I was tickled pink for these Twisted Sisters

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I was tickled pink for these Twisted Sisters

opinion

I should warn you that I might get a little emotional on today’s column because I’m pretty sure that for the last time in my life I was forced to dye my hair a shocking shade of pink.

That foggy-eyed moment took place on Monday morning at Bridges Golf Course about 25 miles southwest of Winnipeg, where I was once again caddy at the Pink Ribbon Ladies Golf Classic for Hope, the largest women-only golf tournament in the province.

Doug Speir’s caddies at the Pink Ribbon Ladies Golf Classic for Hope on Monday with (from left) Karen Russell, Michelle Greenwood, Dorothy Gauer and Joan Walton – The Twisted Sisters.

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Doug Speir’s caddies at the Pink Ribbon Ladies Golf Classic for Hope on Monday with (from left) Karen Russell, Michelle Greenwood, Dorothy Gauer and Joan Walton – The Twisted Sisters.

This is the tournament where each of the 32 four-women teams is assigned a hairy person of my gender as a caddy who suits every mood brings cold drinks but does so in a golf shirt that shocking pink circus clowns would refuse to do. to wear one on the grounds that it was beneath their dignity.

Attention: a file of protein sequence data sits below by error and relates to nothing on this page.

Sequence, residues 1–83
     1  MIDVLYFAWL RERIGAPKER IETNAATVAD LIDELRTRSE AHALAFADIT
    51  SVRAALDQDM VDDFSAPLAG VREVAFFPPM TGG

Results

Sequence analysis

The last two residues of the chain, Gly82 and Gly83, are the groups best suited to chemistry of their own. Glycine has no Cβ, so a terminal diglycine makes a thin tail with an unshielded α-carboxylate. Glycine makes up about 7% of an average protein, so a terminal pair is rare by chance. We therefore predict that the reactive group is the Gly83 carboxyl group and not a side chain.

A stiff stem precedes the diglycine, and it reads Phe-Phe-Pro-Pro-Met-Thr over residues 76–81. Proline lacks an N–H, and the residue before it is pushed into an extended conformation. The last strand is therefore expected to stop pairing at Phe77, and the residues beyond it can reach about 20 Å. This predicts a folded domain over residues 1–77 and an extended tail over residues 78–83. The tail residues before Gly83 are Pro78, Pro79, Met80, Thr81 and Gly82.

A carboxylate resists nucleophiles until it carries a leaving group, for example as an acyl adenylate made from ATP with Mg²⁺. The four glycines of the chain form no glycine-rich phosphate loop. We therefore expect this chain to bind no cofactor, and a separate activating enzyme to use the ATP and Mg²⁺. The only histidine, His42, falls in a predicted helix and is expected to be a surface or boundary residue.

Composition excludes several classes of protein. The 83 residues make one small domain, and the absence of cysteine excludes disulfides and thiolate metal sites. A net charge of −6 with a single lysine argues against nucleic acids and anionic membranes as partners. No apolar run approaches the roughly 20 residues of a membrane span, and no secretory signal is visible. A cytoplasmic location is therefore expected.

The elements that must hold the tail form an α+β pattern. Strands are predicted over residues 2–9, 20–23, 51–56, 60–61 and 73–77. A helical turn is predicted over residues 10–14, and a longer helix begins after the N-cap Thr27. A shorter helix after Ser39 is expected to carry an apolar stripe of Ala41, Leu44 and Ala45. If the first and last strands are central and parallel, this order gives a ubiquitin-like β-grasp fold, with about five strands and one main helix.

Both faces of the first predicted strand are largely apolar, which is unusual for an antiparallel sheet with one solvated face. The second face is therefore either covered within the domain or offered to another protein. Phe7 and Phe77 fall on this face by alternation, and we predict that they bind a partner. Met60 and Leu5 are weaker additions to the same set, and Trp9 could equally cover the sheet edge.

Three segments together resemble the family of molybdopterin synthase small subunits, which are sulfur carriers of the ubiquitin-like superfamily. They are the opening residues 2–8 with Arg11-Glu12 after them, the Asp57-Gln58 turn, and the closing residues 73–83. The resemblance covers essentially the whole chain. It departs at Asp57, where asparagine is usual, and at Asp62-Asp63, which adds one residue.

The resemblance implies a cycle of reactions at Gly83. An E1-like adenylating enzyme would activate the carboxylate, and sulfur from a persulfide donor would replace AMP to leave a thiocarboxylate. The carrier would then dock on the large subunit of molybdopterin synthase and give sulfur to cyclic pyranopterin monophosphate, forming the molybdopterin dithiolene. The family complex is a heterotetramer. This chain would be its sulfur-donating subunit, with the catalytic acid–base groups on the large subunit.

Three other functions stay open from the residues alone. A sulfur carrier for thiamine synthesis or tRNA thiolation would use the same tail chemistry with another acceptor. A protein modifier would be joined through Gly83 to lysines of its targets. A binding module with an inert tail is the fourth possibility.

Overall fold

It was the 12th year I was caddy for a group of seasoned golfers known as The Twisted Sisters, a can of spray-on hair color to turn my sandy locks into a stunning shade of “Lynx Pink”.

When I got to the court, tournament organizer Cathy Lantz seemed a little disappointed that my hair wasn’t already the color of chewing gum. “You should have made your hair pink again,” Cathy sighed as she eyed my frizzy head.

However, a smile spread across her face as I explained that The Twisted Sisters would douse me in the pink hair dye as soon as we were on the course, and she beamed as she explained that the Pink Ribbon would be Ladies Golf Classic Celebrating 25th anniversary.

Be amazed, because over the past 25 years this women-only event has raised a remarkable $ 1.1 million for CancerCare Manitoba’s Breast and Gyne Cancer Center of Hope.

“It’s a very big deal,” Cathy said after going virtual in the first year of the pandemic, to be able to host another in-person event again. She noted that the Breast Cancer Center for Hope expanded to include gynecological cancer support about five years ago.

“They’re all women’s cancers, if you want to put it that way,” she told me. “It’s (the money) for programming and support services across Manitoba for women on the move. You get a diagnosis, and then what? You have your CancerCare representative that you work with, your oncologist. But you also need support If you want to read more, we have a lending library. You also want support with nurses and support with survivors. We connect you, we connect zoom calls. You can talk to a survivor and say, “I feel this Guys “. Of frustrations. How did you fight your way through?” ”